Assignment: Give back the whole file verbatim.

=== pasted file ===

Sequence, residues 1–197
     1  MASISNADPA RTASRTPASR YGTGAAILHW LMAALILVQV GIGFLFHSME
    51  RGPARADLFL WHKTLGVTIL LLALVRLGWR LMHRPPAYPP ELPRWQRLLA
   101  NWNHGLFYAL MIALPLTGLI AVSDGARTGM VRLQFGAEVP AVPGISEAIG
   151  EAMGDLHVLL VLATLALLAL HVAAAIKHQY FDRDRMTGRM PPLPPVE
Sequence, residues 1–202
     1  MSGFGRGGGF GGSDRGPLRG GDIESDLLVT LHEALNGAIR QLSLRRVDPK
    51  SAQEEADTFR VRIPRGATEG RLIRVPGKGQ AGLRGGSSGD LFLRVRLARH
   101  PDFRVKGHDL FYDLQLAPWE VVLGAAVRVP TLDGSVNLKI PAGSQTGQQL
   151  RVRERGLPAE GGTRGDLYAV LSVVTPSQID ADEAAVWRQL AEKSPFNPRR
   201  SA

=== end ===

Sequence, residues 1–197
     1  MASISNADPA RTASRTPASR YGTGAAILHW LMAALILVQV GIGFLFHSME
    51  RGPARADLFL WHKTLGVTIL LLALVRLGWR LMHRPPAYPP ELPRWQRLLA
   101  NWNHGLFYAL MIALPLTGLI AVSDGARTGM VRLQFGAEVP AVPGISEAIG
   151  EAMGDLHVLL VLATLALLAL HVAAAIKHQY FDRDRMTGRM PPLPPVE
Sequence, residues 1–202
     1  MSGFGRGGGF GGSDRGPLRG GDIESDLLVT LHEALNGAIR QLSLRRVDPK
    51  SAQEEADTFR VRIPRGATEG RLIRVPGKGQ AGLRGGSSGD LFLRVRLARH
   101  PDFRVKGHDL FYDLQLAPWE VVLGAAVRVP TLDGSVNLKI PAGSQTGQQL
   151  RVRERGLPAE GGTRGDLYAV LSVVTPSQID ADEAAVWRQL AEKSPFNPRR
   201  SA